An excerpt from The Moving Picture Boys at Panama:
TO THE RESCUE
With a series of puffs and chugs a big, shiny motor cycle turned from the road into the graveled drive at the side of a white farmhouse. Two boys sat on the creaking saddles. The one at the front handle bars threw forward the clutch lever, and then turned on the power sharply to drive the last of the gases out of the twin cylinders.
The motor cycle came to a stop near a shed, and the two lads, swinging off, looked at each other for a moment.
"Some ride, that!" observed one. "You had her going then, Blake!"
"Just a little, Joe -- yes. It was a nice level stretch, and I wanted to see what she could do."
"You didn't let her out to the full at that; did you?"
"I should say not!" answered the one who had ridden in front, and guided the steed of steel and gasoline. "She'll do better than ninety miles an hour on the level; but I don't want to ride on her when she's doing it."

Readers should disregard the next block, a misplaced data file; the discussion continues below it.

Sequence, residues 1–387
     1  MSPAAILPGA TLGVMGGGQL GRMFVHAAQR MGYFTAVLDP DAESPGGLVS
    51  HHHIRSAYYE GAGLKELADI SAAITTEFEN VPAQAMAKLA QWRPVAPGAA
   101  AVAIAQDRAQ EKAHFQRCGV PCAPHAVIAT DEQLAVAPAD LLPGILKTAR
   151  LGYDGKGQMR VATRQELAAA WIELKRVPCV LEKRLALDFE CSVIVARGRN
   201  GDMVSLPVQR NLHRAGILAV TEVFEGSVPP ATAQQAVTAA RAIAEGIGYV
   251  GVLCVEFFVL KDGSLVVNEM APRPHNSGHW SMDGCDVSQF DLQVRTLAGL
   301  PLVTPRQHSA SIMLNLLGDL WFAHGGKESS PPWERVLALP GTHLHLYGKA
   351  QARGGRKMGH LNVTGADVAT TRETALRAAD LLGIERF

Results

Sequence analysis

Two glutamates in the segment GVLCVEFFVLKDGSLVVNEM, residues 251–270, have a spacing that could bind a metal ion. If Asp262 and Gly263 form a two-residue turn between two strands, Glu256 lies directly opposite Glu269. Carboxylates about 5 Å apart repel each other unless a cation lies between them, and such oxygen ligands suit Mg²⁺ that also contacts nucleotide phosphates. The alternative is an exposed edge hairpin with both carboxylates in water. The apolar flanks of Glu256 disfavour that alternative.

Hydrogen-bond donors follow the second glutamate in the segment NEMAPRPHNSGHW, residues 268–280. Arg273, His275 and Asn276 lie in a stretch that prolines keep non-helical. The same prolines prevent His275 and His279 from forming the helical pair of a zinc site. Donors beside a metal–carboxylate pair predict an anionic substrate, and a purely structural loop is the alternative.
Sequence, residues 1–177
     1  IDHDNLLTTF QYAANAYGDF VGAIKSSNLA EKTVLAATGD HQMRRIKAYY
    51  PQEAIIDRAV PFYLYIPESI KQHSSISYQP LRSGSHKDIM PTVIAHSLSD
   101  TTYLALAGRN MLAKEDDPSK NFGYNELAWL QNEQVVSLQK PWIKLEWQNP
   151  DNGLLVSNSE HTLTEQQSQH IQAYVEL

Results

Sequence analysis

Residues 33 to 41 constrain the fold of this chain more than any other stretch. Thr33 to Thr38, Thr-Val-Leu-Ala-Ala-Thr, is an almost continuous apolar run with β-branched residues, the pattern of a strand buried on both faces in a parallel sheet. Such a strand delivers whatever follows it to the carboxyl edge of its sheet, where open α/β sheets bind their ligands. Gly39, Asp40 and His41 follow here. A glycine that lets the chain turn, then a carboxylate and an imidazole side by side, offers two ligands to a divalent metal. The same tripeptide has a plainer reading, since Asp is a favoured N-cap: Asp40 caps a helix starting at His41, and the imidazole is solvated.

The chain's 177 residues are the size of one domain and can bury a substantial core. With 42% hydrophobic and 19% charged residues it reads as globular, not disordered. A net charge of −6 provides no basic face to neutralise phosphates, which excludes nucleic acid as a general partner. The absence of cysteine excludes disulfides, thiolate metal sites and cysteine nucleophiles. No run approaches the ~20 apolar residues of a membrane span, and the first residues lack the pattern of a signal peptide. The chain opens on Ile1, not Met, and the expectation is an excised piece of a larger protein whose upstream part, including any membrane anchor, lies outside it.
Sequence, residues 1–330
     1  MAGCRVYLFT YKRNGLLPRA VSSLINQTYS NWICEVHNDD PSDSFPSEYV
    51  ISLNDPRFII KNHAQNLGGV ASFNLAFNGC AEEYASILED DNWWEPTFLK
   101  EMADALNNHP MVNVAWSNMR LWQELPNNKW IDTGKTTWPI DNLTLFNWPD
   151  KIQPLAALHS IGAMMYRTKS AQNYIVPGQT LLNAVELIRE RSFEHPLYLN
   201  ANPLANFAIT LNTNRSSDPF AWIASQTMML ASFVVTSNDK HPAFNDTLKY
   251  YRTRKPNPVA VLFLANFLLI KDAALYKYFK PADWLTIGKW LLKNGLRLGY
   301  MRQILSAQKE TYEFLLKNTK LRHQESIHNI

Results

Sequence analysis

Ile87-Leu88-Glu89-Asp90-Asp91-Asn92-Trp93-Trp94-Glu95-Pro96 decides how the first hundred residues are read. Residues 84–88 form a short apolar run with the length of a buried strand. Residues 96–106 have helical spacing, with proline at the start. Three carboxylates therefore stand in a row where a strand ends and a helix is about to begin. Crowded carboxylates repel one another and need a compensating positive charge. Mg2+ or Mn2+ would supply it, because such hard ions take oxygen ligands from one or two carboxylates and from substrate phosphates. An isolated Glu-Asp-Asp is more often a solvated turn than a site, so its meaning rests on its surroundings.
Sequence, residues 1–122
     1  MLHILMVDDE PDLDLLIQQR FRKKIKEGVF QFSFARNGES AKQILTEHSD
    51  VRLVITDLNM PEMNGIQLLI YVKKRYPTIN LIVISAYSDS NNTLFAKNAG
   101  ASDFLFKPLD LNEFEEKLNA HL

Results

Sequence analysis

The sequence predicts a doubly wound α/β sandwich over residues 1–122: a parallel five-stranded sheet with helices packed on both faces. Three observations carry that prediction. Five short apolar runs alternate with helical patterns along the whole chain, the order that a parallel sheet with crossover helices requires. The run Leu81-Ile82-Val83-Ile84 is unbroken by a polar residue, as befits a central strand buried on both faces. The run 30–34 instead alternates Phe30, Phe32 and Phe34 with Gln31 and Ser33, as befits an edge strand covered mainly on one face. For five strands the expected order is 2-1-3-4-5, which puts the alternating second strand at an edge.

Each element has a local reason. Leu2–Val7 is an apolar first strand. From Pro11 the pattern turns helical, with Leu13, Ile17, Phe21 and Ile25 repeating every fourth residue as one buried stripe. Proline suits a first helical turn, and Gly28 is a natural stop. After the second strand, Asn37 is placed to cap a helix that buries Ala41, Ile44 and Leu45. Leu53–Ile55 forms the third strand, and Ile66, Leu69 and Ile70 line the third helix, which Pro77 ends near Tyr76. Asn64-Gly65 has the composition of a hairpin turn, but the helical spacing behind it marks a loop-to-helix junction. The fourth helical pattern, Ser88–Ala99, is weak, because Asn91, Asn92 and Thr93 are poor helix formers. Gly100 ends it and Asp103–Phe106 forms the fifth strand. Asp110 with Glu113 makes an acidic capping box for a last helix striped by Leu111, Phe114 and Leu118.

"Nor I. Well, it was a nice little run, all right. Funny, though, that we didn't get any mail; wasn't it?"
"It sure was. I think somebody must be robbing the post-office, for we ought to have had a letter from Mr. Hadley before this," and he laughed at his own joke.
"Yes," agreed Joe, "and I ought to have had one from -- "
He stopped suddenly, and a blush suffused the tan of his cheeks.
"Might as well say it as think it," broke in Blake with another laugh that showed his white, even teeth. "Hasn't Mabel written to you this week?"
"What if she hasn't?" fired back Joe.